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Jon Rahm is due for a win



At some point, Jon Rahm (Callaway Chrome Soft X) is going to bust out of his slump.

He might not have an easier chance to do it than this week at the Mexico Open at Vidanta.

If you look at all the picks by pundits who offer weekly selection on PGA Tour events, Rahm is the guy that is heads above anyone. I’m going heavy on him and hope he doesn’t let me down.

The Spaniard has been disappointing this year, which has seen his world number one ranking drop to two behind Scottie Scheffler (Titleist Pro V1). Some may say a player who has posted a second and a third in his last 10 tournaments, has made nine cuts in a row, has four top-10 finishes and seven top-25s is not doing too badly. Add in the fact he has banked more than $2.2 million, well, some players would love to have that kind of season.

But Rahm has not been a factor since finishing tied for 10th in the Waste Management Phoenix Open, the tournament in which Scheffler recorded his first PGA Tour win and then went on an incredible run, highlighted by his Masters victory. Since the Phoenix Open, Rahm has tied for 21st in the Genesis Invitational, tied for 17 in the Arnold Palmer Invitational, tied for 55th in The Players Championship, tied for 9th in the World Golf Championships-Dell Technologies Match Play and tied for 27 in the Masters. If you exclude the WGC tournament, which is limited to a field of 64 and all players receive a check, his results have been truly unspectacular.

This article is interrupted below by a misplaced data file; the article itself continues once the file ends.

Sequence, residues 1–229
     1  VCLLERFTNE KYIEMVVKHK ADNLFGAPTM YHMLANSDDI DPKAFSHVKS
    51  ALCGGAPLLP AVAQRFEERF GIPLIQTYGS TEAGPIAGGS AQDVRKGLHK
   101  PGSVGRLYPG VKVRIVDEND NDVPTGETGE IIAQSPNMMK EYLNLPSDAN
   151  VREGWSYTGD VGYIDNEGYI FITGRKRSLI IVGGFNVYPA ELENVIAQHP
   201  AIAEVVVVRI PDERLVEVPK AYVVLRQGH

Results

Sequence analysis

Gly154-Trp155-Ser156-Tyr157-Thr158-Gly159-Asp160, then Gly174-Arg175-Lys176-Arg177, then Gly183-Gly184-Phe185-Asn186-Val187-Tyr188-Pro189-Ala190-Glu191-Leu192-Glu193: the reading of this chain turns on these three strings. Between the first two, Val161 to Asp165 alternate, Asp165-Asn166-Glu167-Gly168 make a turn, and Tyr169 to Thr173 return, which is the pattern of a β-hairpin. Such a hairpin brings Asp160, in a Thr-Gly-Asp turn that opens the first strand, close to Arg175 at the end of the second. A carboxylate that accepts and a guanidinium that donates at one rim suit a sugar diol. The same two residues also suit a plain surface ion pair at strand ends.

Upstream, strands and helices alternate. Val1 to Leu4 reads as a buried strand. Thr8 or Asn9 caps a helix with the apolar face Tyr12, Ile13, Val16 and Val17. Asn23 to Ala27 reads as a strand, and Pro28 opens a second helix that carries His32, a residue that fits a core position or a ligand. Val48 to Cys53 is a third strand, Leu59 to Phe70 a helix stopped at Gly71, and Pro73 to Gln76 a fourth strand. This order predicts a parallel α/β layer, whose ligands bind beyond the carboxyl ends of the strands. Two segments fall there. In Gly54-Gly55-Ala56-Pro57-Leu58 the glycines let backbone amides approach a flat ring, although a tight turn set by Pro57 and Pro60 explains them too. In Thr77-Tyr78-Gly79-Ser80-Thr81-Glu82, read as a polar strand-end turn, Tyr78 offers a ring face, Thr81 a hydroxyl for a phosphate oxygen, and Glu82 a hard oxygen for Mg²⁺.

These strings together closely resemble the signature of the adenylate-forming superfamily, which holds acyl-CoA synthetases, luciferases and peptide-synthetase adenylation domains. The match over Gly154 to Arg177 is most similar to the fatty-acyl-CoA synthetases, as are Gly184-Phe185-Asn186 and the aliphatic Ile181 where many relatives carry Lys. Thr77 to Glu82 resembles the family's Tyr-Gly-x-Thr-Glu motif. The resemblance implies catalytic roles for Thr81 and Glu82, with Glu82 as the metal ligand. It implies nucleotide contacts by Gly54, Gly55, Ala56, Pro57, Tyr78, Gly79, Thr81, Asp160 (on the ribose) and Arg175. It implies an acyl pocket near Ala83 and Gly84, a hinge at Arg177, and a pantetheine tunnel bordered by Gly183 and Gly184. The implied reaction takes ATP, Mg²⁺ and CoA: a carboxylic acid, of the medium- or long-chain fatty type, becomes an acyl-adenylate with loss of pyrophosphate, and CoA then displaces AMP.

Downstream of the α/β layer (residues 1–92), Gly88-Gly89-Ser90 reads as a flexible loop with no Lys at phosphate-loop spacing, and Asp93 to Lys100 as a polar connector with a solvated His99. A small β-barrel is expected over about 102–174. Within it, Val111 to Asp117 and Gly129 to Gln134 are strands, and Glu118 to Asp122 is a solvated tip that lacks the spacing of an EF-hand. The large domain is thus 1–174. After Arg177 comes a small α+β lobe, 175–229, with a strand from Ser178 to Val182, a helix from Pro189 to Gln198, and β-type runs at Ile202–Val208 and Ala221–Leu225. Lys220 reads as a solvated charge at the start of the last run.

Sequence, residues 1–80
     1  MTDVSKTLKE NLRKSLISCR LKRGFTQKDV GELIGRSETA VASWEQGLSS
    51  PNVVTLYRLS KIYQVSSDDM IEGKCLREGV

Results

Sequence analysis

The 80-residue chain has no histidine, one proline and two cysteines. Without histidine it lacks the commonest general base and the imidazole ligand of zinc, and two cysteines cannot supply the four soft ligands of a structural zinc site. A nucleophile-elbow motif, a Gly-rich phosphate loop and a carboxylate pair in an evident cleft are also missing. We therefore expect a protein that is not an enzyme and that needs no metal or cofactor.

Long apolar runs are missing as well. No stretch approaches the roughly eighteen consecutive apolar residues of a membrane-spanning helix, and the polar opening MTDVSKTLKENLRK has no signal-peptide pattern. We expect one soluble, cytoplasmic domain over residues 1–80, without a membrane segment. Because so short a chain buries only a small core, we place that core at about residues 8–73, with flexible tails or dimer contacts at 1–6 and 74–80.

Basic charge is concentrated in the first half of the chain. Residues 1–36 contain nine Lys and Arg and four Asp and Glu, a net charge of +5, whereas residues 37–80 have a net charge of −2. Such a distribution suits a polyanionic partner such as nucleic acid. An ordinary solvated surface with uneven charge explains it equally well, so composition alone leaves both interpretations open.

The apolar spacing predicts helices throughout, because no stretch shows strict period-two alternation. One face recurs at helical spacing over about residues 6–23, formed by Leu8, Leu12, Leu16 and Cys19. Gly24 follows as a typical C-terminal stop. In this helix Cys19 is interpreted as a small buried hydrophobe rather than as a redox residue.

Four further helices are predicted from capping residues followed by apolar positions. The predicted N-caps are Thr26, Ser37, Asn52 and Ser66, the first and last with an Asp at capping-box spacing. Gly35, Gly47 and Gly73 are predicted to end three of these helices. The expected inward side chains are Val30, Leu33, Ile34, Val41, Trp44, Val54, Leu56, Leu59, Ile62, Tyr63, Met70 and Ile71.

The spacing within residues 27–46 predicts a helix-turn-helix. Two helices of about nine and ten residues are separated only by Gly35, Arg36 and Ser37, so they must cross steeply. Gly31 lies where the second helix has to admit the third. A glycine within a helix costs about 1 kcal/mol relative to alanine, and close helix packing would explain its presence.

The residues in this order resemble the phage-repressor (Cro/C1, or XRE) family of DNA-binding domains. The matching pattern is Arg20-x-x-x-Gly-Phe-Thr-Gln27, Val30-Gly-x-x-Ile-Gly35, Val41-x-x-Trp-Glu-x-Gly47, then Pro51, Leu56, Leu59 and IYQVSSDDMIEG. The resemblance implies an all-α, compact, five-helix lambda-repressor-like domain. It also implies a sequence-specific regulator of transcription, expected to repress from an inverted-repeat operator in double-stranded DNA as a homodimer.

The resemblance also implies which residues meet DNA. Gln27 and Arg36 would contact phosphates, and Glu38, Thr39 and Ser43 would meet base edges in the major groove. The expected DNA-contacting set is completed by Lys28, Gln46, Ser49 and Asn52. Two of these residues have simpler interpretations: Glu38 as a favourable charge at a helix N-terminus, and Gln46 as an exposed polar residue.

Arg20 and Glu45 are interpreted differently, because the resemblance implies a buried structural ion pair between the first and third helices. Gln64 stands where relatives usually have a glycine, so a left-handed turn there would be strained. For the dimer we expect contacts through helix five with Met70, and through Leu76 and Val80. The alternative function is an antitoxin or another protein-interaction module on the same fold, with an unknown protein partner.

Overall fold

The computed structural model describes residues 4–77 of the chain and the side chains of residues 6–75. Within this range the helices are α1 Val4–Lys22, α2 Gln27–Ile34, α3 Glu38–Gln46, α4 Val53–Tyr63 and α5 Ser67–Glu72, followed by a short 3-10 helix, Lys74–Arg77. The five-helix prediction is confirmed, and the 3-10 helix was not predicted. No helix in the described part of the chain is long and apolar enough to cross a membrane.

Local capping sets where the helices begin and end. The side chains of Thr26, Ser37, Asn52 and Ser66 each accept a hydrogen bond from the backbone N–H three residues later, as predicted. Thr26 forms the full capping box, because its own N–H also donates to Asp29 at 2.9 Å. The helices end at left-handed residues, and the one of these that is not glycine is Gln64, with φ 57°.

In total, he has not been anything close to being a factor in weekend play. His putting has been terrible, highlighted by a missed tap-in at the Arnold Palmer.

I don’t think the official world golf rankings are a true indicator of the top contenders anyway, given that is based on a rolling two-year period. Behind Scheffler and Rahm, the other top-10 players as of this week are Collin Morikawa (TaylorMade TP5), Cameron Smith (Titleist Pro V1x), Patrick Cantlay (Titleist Pro V1x), Viktor Hovland (Titleist Pro V1), Rory McIlroy (TaylorMade TP5x), Justin Thomas (Titleist Pro V1x), Jordan Spieth (Titleist Pro V1x) and Dustin Johnson (TaylorMade TP5x).

There is no way Cantlay should be fifth. He had an amazing season in 2021, and while he hasn’t continued that torrid pace in 2022, he finished runnerup to Scheffler in the Phoenix Open and second in the RBC Heritage to Spieth. Both of those losses were in extra holes.

I’m not counting Cantlay’s win last week in the Zurich Open because it’s match play and the field was watered down. Frankly, the tournament failed badly as an event worth watching. All you had to do is look at the galleries, or lack thereof.

I’m surprised Spieth is ninth because he has really turned around his game in the last year.

How McIlroy could be seventh is beyond me. Aside from his sizzling finish in the final round in the Masters – that hole-in from the bunker was a spectacular shot – he has not done anything truly significant in the last two years. Yes, he’s won two tournaments, but does anybody remember them?

The system will be updated in August.

It needs to be radically overhauled and based on current performances – at least in the last year – as compared to two years.

Perry Lefko
Perry Lefko
Perry Lefko is an award-winning writer who has published nine books, three of them bestsellers. He has been involved in sports writing for more than 35 years and has interviewed many superstar athletes. He lives in Mississauga, Ontario, Canada and enjoys watching golf and playing it.

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